The first known opioidergic peptide extracted from Hb (ß-chain 35–38) was hemorphin-4 with a possessed amino acid sequence: Tyr-Pro-Trp-Thr. By treating bovine blood with gastrointestinal enzymes with analytical techniques, its structure has been proven [16]. Hemorphin-4 can also be obtained by enzymatic hydrolysis of casein and Hb [17]. Yang et al. (1999) studied the effects of eight opioid tetrapeptides with similar amino acid sequences: endomorphin-1 (Tyr-Pro-Trp-Phe-NH2), endomorphin-2 (Tyr-Pro-Phe-Phe-NH2), morphiceptin (Tyr-Pro-Phe-Pro-NH2), hemorphin-4 (Tyr-Pro-Trp-Thr), Tyr-MIF-1 (Tyr-Pro-Leu-Gly-NH2), Tyr-W-MIF-1 (Tyr-Pro-Trp-Gly-NH2), TAPS (Tyr-D-Arg-Phe-Sar), and DALDA (Tyr-D-Arg-Phe-Lys-NH2), expressed in the rat locus coeruleus neurons whose brain structure is part of the reticular activating system involved in physiological responses to stress and panic [17]. All of these tetrapeptides spontaneously inhibited the tested neurons in the locus coeruleus. Hemorphin-4 has a similar structure and amino acid sequence close to that of endomorphins. Endomorphins have high affinity and selectivity for opioid receptors and are most responsible for the analgesic effects in the central nervous system. These properties of theirs are due to the presence of Pro, which represents a crucial factor for the structural and conformational properties of the ligand [18,19,20]. Proline plays the role of a stereochemical spacer capable of inducing a favorable spatial orientation of aromatic rings, which, in turn, is a crucial factor for ligand recognition and their interaction with the receptors. Therefore, the replacement of natural amino acids with other small non-natural amino acid modifications and their incorporation into opioid-based peptides have been the subject of intense research in recent years. Mollica et al. (2012, 2014, and 2015) performed detailed and valuable research on the use of various non-natural amino acid modifications as building blocks for drug discovery [18,19,20]. Thus, for example, the replacement of native proline with the divalent amino acid cis-4-amino-L-proline (cAmp) combining the conformational rigidity of the ring in opioid peptides can affect the stereochemistry of the entire molecule peptide, thereby leading to a significant increase in μ-opioid affinity and activity and to the correct fit of the peptide to the receptor [18,19,20]. Due to the interesting structural properties of the cAmp residue, its insertion into a peptide backbone can lead to both the usual linear analogs and some structurally interesting cyclical patterns. Conformational flexibility around Pro can be further enhanced by incorporating achiral analogs of Cα,α-disubstituted glycines, 1-aminocyclopentanecarboxylic acid (Ac5c), and 1-aminocyclohexanecarboxylic acid (Ac6c), etc. It should also be mentioned that the non-natural amino acid 2,6-dimethyltyrosine (Dmt) can increase the bioactivity of the peptide molecule [20], and the insertion of a conformationally restricted α-methylene-β-aminopropanoic acids (Map) residue into peptide molecules can lead to an improvement in the permeability of the blood-brain barrier [21].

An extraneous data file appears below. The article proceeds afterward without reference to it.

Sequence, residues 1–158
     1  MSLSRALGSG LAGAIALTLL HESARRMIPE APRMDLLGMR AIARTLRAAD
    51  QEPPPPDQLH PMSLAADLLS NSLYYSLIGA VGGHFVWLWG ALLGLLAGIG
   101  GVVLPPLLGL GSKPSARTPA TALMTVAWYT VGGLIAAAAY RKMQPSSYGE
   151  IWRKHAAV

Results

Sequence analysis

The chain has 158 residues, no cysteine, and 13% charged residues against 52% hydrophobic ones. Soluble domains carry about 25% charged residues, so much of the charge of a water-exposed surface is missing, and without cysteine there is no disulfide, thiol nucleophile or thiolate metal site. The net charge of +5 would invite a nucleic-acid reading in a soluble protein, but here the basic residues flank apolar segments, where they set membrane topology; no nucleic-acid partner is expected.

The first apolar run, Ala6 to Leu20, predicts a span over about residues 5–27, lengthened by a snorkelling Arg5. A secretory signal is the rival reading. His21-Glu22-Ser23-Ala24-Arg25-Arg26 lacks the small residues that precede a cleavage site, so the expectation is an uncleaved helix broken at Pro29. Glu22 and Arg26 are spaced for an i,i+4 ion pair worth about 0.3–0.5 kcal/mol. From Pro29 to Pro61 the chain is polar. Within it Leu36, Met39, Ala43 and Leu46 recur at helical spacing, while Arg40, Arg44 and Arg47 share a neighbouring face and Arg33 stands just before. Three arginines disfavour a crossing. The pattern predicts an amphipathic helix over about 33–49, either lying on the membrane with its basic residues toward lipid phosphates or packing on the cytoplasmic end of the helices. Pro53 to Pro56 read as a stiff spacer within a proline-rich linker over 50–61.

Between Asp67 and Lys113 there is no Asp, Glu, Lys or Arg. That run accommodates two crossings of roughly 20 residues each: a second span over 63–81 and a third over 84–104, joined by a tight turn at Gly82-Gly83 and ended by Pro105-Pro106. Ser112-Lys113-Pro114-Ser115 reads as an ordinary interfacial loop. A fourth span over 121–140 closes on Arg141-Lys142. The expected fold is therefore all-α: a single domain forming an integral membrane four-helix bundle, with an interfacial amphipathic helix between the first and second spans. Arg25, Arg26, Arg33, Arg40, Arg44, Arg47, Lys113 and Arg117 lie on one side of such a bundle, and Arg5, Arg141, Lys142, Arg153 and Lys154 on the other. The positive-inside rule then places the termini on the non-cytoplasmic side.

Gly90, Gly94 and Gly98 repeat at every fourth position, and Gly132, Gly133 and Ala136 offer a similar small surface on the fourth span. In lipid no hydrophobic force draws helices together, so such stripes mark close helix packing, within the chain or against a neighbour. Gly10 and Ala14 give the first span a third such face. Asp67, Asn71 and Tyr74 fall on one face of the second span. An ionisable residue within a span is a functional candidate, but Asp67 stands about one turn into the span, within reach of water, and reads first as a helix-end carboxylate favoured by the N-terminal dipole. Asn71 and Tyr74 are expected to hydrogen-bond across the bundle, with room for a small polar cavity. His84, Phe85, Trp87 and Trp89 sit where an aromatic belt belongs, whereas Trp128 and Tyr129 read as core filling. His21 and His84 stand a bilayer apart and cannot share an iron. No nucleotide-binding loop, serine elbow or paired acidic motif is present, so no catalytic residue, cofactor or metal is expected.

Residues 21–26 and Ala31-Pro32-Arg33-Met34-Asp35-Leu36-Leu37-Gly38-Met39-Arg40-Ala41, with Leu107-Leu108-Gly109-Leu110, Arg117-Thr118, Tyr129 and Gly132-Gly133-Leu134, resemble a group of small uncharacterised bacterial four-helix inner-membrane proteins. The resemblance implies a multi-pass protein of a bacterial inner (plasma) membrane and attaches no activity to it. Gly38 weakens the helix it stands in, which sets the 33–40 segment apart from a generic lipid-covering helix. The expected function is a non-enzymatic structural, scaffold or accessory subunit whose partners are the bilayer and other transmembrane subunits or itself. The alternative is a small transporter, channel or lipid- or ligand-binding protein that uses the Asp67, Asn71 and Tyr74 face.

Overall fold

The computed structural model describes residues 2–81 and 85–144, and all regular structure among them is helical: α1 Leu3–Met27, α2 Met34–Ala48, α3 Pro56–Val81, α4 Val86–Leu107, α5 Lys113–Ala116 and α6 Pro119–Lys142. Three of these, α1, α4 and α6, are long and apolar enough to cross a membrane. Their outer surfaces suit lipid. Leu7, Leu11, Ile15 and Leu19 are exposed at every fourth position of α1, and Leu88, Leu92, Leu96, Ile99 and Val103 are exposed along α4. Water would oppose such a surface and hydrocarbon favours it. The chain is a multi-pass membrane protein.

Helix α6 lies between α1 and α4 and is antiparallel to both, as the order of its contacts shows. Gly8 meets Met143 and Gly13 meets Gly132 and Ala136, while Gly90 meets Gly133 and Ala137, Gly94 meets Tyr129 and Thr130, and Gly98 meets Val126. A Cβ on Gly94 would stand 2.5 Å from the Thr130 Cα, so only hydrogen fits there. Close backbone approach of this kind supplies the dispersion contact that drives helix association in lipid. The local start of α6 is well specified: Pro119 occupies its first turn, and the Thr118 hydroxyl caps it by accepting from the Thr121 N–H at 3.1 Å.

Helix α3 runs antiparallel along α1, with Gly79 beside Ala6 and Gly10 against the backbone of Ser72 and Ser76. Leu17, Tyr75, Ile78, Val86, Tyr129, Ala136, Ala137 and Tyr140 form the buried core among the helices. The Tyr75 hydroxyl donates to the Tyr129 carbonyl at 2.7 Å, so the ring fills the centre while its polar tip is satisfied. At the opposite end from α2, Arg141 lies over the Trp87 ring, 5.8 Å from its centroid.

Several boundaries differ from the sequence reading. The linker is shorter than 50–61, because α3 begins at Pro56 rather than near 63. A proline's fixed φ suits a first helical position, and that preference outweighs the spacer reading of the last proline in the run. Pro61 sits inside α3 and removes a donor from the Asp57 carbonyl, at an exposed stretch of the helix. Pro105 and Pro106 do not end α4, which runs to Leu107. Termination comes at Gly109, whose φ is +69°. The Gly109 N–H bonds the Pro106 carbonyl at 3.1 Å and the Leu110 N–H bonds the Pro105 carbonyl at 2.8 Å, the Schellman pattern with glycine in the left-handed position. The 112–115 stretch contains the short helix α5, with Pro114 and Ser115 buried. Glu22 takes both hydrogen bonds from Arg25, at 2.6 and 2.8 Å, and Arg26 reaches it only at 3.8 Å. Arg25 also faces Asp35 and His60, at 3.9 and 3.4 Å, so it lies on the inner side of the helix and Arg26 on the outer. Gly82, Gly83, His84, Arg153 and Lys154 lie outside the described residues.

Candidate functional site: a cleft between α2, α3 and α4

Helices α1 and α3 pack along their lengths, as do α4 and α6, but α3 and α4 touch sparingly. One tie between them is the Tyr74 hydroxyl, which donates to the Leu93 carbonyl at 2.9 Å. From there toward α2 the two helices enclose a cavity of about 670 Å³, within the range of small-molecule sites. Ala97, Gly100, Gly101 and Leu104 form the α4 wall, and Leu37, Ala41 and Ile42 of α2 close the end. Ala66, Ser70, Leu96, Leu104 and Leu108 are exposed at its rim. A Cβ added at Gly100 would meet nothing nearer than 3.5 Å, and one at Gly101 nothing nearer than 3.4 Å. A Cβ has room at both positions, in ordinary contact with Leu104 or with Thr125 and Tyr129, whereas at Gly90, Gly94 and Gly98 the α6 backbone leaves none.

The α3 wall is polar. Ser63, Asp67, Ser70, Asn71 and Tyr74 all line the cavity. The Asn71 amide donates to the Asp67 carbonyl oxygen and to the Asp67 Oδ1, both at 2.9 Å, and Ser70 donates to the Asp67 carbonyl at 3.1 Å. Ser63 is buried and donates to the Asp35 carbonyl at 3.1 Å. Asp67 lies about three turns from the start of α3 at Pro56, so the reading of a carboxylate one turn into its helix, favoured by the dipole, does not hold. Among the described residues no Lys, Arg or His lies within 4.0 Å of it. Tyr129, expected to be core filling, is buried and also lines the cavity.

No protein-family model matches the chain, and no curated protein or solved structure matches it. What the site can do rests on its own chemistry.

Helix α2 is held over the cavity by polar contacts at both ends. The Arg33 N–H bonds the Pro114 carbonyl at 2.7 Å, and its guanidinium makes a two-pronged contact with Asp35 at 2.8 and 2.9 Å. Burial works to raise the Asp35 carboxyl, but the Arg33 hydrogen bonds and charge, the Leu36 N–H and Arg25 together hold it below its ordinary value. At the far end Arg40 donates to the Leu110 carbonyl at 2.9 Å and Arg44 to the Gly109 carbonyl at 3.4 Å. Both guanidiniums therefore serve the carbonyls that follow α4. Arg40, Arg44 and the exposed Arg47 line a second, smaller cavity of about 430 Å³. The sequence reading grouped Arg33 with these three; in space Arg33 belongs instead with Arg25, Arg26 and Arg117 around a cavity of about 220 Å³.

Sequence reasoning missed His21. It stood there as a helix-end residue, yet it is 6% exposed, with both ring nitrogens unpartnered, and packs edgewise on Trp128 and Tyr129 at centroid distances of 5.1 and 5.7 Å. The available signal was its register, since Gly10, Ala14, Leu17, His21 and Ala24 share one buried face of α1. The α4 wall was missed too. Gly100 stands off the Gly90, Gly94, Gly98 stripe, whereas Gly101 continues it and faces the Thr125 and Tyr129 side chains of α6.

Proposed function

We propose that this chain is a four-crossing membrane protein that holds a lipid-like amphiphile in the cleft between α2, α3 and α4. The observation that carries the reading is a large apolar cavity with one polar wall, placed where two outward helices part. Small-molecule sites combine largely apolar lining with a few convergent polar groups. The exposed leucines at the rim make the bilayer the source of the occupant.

The endogenous opioid heptapeptide VV-Hemorphin-5, known as valorphin (Val-Val-Tyr-Pro-Trp-Thr-Gln), is a part of the hemorphin family [22,23,24]. It is produced in the body by proteolytic cleavage of the region 33–39 of the β-globin chain of Hb [24,25]. Valorphin belongs to the endogenous opioid receptor agonists with a preference for the μ-opioid receptor, producing analgesia in animals [23,24]. Despite the relatively low affinity of valorphin for opioid receptors, this peptide, as with classical opioid peptides, effectively inhibits tumor cell growth [26,27]. Over the past decade, several common features have identified a family of growth-inhibitory oligopeptides. They all have a substituted N-terminus, which makes them more resistant to aminopeptidases, a very low optimally active dose (typically picomolar amounts administered in vivo and in vitro), and preferences for certain cells and tissues. This group of peptides includes valorphin, which reversibly inhibits cell proliferation, both in tumor and normal cells [27,28].